POLAND, WARSAW: An alleged television news report claims that while serving as archbishop in his home country of Poland, St. John Paul II was aware of sexual abuse of children by priests under his authority and tried to cover it up.


Late on Monday, Polish channel TVN24 aired a story in which they named three priests whom the future pope, then known as Archbishop Karol Wojtyla, had transferred between parishes or sent to a cloister during the 1970s after they were accused of abusing minors. One of the priests was even sent to Austria.

TVN24 reported that after 2 and a half years of investigating, two of the priests, Eugeniusz Surgent and Jozef Loranc, had served short prison terms for the abuse. From 1964 until his election as Pope in 1978, Wojtyla was the archbishop of Krakow. He passed away in 2005, and in 2014, after a streamlined process, he was canonized as a saint.

TVN24 used documents from the secret security services of communist Poland, which had informants within the Catholic Church and sought to discredit it. Documents are stored in the state’s National Remembrance Institute’s archives. Marcin Gutowski, a journalist, interviewed several alleged victims and a man who claims he told Wojtyla about Surgent’s abuse in the 1970s. Nobody in the clergy was ever defrocked.

A letter supposedly written by Wojtyla to the then-archbishop of Vienna, Franz Koenig, recommending a priest for his care was also referenced on the TV show. As a result of Wojtyla’s silence, Boleslaw Sadus was appointed as a parish priest in Austria, despite allegations that he had sexually abused young boys. Even after becoming pope, Wojtyla maintained contact with Sadus.

According to TVN24’s investigation, there is no doubt that Wojtyla was aware of and actively tried to cover up priest abuse in his archdiocese.

An author on the topic of clergy abuse in the Krakow diocese, who also claimed that Wojtyla’s response was in line with the norms of the Catholic Church at the time, was featured on the program.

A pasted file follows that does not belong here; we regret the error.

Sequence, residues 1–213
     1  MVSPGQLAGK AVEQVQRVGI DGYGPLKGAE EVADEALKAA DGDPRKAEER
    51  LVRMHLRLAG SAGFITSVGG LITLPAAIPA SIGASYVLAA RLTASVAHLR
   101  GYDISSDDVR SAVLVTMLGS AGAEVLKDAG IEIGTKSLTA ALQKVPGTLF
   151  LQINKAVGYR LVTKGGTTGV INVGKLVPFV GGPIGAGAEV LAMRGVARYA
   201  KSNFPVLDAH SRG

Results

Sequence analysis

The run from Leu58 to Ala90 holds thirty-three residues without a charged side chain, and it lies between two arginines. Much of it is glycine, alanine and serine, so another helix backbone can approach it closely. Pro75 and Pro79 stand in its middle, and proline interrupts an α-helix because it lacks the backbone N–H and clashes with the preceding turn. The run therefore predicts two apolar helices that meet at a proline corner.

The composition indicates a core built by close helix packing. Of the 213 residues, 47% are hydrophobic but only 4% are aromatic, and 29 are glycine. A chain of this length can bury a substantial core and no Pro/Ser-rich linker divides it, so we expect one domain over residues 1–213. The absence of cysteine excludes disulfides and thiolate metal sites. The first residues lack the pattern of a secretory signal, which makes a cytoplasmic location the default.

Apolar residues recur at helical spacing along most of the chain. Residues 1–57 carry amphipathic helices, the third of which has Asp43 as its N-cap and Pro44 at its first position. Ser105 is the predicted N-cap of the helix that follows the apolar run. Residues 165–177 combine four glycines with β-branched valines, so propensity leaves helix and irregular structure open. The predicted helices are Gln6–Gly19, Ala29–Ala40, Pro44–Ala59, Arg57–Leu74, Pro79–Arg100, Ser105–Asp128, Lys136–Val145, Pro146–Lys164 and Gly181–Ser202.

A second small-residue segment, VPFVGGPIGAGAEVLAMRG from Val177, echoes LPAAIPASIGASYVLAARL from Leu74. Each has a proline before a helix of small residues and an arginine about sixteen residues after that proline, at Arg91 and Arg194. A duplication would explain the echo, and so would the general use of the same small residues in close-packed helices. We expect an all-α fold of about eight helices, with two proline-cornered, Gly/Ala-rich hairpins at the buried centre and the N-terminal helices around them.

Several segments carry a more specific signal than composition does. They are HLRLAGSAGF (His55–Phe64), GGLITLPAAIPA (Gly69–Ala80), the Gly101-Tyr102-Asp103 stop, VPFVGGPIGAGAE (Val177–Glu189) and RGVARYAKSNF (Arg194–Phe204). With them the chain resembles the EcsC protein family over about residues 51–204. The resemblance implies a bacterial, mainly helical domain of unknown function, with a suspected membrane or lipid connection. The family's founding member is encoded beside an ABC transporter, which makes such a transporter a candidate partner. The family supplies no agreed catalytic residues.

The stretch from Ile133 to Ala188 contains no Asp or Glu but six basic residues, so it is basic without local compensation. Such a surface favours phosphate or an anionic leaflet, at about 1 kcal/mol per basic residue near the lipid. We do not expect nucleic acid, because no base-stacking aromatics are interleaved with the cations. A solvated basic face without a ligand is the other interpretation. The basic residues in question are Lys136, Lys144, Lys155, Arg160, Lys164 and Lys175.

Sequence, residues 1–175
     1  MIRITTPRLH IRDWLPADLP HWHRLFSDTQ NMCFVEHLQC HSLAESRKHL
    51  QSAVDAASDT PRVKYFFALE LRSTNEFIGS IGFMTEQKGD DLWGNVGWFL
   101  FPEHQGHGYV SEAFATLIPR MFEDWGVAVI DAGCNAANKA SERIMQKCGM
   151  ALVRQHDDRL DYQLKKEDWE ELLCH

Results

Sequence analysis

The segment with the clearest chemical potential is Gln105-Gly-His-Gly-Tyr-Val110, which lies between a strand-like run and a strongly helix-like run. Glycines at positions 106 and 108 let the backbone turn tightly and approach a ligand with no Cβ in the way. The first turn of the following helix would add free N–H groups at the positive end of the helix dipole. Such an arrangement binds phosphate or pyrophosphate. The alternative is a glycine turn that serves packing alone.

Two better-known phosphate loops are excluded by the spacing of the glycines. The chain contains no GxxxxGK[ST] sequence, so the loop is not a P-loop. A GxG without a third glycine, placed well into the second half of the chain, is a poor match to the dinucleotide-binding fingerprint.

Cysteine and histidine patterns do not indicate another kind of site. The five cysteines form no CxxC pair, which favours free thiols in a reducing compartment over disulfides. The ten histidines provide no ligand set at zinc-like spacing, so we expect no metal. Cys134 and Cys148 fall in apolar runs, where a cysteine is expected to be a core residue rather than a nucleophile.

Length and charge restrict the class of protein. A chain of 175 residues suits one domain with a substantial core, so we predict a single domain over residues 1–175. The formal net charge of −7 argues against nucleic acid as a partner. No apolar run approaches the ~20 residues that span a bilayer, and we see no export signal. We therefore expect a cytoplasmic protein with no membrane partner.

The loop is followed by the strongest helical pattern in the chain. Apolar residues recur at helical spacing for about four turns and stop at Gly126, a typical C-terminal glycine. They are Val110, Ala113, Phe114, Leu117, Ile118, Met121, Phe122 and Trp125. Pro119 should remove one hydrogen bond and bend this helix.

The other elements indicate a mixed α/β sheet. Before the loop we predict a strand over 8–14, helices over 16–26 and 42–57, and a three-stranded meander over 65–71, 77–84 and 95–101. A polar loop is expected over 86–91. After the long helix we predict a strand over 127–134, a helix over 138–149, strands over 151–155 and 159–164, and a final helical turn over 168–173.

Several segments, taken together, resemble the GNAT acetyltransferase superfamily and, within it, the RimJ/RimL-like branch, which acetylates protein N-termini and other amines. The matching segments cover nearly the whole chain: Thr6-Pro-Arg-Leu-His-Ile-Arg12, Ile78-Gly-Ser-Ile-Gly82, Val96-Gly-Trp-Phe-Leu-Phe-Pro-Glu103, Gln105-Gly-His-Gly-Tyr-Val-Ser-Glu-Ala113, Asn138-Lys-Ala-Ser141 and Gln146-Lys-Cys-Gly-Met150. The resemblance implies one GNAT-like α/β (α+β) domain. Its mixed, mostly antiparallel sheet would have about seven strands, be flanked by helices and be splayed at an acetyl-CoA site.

Dominican friar Pawe Guyski said on TVN24 on Tuesday that the findings will lead to a “deconstruction of the image of John Paul II that we have been using so far,” adding that some people may not be ready to cope with the new facts.
Though, as Guyski emphasized, “there is no equality sign between sainthood and total absence of mistakes, even crimes in someone’s actions.”

Tuesday, a group of Polish church officials responsible for the safety of children issued a communique saying more study was needed before Wojtyla’s actions could be “fairly assessed.” Church leaders have repeatedly assured members that they are open to hearing from and helping abuse survivors.

In response to the channel’s investigation, a firestorm of controversy has broken out in Poland, with some commentators accusing left-wing forces of trying to smear John Paul II’s legacy, and others calling on the Catholic Church to come clean.

The Catholic Prime Minister of Poland, Mateusz Morawiecki, tweeted a photo of Pope John Paul II greeting a crowd in Poland with the words “Do not be afraid,” along with no additional commentary.

Krzysztof Madel, a Polish Jesuit priest, tweeted that attention should be given to the victims.

Radoslaw Brzozka, a Ministry of Education official, tweeted that those who seek to remove Catholicism from Poland’s national identity are attacking John Paul II’s reputation.
When it comes to dealing with sexually abusive priests, John Paul II isn’t the only pope under scrutiny.

An independent report commissioned by the German Catholic Church found fault with four cases handled by his immediate successor, Benedict XVI, who took a much stricter stance and defrocked hundreds of abusive priests.
Pope Francis has been accused of covering up cases of priestly abuse both in his native Argentina and in Chile, where he served as bishop and then pontiff.

Experts agreed that the Catholic Church’s leadership has prioritized protecting the church’s reputation over meeting the needs of victims.

The election of Karol Wojtyla as pope in 1978 galvanized Poland’s predominantly Catholic population to openly oppose the country’s communist system, leading to its eventual downfall.

For centuries, the Polish Catholic Church has been deeply involved in state affairs. The church’s reputation has taken a hit due to recent revelations about pedophile priests and the close ties it has with the current right-wing government.